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Crisis mounts on high street

Retailers demand help as shop job losses accelerate


Stores are closing as shopping habits change (pic: Terry Murden)


Further government action is being demanded to help retailers after new figures showed nearly 90,000 jobs have been axed in Britain’s shops over the past year.

The situation is worsening with almost a fifth firms are planning more job cuts this year, against 15% in 2017.

Online shopping and high business rates are blamed for the decline reveaed in the British Retail Consortium study.

It shows that stores laid off 2.8% of the workforce in the year to June. Maplin, Austin Reed, Jaeger, Marks & Spencer and House of Fraser are among the big names who have laid off staff.

Helen Dickinson, chief executive of the BRC, said: “Retailers are continuing to reduce labour requirements to support a reinvention in how retail and shopping works.

“Hours worked by employees on full time contracts dropped more sharply this quarter as retailers seek greater flexibility in their workforce to cope with the pressure felt from the diverging costs of labour versus technology.

“The retail industry stands ready to work in partnership with government to upskill the retail workforce as the transformation of retail continues and digital skills become more crucial.

“Less rigidity and more flexibility as well as future thinking by the government in how Apprenticeship Levy funds can be used would facilitate more positive change more quickly.”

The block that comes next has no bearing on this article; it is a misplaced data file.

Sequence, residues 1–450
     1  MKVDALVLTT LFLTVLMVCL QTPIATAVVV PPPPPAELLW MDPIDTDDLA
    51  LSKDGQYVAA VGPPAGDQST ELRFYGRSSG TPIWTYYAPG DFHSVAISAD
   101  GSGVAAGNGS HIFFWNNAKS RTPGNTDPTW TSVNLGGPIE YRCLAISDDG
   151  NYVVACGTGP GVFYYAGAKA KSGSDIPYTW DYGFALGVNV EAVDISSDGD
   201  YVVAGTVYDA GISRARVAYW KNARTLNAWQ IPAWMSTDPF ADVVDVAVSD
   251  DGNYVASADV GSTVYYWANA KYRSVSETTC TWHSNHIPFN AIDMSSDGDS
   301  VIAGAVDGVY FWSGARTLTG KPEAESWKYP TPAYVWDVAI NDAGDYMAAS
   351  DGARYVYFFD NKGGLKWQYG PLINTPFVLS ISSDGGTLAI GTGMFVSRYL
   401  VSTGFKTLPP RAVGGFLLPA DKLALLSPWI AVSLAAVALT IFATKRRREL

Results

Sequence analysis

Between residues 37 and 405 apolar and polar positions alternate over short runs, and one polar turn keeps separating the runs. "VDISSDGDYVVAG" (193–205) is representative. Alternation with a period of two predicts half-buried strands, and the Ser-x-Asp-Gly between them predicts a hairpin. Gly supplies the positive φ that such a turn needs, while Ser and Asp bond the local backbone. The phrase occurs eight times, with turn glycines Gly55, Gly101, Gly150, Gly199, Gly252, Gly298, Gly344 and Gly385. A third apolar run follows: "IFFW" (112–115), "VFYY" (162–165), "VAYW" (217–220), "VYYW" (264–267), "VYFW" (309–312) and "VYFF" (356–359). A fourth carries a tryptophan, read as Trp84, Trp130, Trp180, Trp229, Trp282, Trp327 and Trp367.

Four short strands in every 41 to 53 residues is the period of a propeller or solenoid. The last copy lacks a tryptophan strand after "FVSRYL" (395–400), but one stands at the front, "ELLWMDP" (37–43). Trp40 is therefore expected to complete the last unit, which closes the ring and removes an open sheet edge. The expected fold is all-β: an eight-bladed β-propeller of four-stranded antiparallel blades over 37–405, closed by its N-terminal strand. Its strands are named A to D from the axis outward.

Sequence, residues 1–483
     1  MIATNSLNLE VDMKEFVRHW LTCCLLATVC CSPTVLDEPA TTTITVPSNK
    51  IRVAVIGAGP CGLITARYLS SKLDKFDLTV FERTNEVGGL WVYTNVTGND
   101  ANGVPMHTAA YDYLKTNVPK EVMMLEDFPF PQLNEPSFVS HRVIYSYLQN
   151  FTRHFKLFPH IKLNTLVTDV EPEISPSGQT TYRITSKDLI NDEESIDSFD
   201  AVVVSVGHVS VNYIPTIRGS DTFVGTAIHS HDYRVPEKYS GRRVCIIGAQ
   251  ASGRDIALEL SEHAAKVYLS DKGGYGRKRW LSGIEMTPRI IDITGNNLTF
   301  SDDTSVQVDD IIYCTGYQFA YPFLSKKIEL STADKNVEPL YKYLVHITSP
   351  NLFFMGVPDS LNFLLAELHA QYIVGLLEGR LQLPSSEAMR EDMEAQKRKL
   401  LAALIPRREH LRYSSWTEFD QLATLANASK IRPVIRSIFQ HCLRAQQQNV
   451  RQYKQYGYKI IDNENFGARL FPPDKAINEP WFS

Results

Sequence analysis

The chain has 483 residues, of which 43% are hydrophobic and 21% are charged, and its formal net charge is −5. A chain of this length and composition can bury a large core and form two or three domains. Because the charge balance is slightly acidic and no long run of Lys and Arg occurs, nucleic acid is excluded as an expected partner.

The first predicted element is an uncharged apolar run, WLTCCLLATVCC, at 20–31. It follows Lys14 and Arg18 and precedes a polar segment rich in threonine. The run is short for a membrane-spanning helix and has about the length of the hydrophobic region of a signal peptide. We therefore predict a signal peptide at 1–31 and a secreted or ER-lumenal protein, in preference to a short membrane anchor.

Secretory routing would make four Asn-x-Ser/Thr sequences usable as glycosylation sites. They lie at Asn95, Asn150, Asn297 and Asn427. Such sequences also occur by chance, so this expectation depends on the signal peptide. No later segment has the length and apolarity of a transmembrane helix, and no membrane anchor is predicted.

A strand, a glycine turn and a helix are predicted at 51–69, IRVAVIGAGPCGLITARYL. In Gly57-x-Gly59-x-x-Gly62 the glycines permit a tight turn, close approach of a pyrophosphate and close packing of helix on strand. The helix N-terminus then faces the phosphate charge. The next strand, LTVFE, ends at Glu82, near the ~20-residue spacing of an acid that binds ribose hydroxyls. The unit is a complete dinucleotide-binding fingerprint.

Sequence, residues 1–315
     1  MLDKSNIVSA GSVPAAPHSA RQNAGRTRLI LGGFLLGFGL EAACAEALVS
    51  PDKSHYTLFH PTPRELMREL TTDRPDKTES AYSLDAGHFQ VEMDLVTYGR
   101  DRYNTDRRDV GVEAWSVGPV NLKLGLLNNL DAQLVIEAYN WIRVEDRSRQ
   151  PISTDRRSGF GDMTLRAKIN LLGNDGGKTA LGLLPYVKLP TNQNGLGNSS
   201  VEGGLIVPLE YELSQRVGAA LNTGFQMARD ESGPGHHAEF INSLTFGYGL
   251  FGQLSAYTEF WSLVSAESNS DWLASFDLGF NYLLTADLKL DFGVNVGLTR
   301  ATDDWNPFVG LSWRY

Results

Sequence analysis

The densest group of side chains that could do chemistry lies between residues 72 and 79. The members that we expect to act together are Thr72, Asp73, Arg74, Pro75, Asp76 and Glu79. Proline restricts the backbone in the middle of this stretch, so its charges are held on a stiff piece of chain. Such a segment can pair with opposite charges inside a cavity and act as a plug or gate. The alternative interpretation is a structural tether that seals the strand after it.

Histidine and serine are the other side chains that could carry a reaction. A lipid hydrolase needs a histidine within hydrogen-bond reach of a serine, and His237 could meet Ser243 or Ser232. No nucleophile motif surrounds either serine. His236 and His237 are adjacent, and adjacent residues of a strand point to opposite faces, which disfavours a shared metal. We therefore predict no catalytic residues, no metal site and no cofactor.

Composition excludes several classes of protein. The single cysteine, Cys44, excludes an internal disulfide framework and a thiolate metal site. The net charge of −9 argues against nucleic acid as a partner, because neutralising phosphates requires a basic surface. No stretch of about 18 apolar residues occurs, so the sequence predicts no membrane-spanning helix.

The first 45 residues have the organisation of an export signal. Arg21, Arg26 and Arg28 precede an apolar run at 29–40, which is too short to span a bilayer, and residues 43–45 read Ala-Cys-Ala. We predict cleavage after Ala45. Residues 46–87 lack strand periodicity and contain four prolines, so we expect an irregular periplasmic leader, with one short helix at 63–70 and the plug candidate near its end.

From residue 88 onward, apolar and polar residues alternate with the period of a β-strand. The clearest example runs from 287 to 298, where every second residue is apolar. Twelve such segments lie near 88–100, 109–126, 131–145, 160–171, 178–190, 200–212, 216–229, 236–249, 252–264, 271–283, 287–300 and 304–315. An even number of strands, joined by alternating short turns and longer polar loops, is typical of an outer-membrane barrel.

David Lonsdale, director of the Scottish Retail Consortium, added: “Retail is undergoing profound transformation driven by changes in shopping habits, squeezed family finances, fierce competition, and rising costs.

“Public policy is pushing up the cost of employing people – through the national living wage, higher statutory employer pension contributions, and apprenticeship levy – at the very same time as the cost and capability of digital channels to market become more attractive to firms.

“This is upending many retail business models, and that can be painful for the firms involved and for staff. What is clear is that the retail industry will look very different in the future.”

Chancellor Philip Hammond angered retailers earlier this month by ruling out any changes to business rates in the short term.

Mike Cherry of the Federation of Small Businesses said: ‘Business rates are an outdated and regressive tax which unfairly hits high street retailers. It hits small firms before they’ve had the chance to make their first pound in turnover, let alone profit. It’s high time for reform.”

See also:

High streets will adapt to squeeze on retailers

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